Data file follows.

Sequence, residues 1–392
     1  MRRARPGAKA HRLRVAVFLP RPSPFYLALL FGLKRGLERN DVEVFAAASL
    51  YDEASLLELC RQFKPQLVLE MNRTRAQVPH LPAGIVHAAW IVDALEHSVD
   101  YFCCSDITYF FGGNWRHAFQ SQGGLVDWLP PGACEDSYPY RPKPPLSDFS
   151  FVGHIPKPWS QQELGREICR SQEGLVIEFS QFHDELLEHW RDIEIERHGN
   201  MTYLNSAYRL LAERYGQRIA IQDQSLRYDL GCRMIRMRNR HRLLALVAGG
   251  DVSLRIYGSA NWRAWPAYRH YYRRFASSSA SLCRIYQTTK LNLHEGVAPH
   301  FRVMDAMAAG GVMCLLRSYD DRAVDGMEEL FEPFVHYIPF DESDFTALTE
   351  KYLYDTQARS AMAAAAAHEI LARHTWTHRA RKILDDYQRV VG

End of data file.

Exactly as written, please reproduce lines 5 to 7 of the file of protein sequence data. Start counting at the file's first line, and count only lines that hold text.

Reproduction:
   151  FVGHIPKPWS QQELGREICR SQEGLVIEFS QFHDELLEHW RDIEIERHGN
   201  MTYLNSAYRL LAERYGQRIA IQDQSLRYDL GCRMIRMRNR HRLLALVAGG
   251  DVSLRIYGSA NWRAWPAYRH YYRRFASSSA SLCRIYQTTK LNLHEGVAPH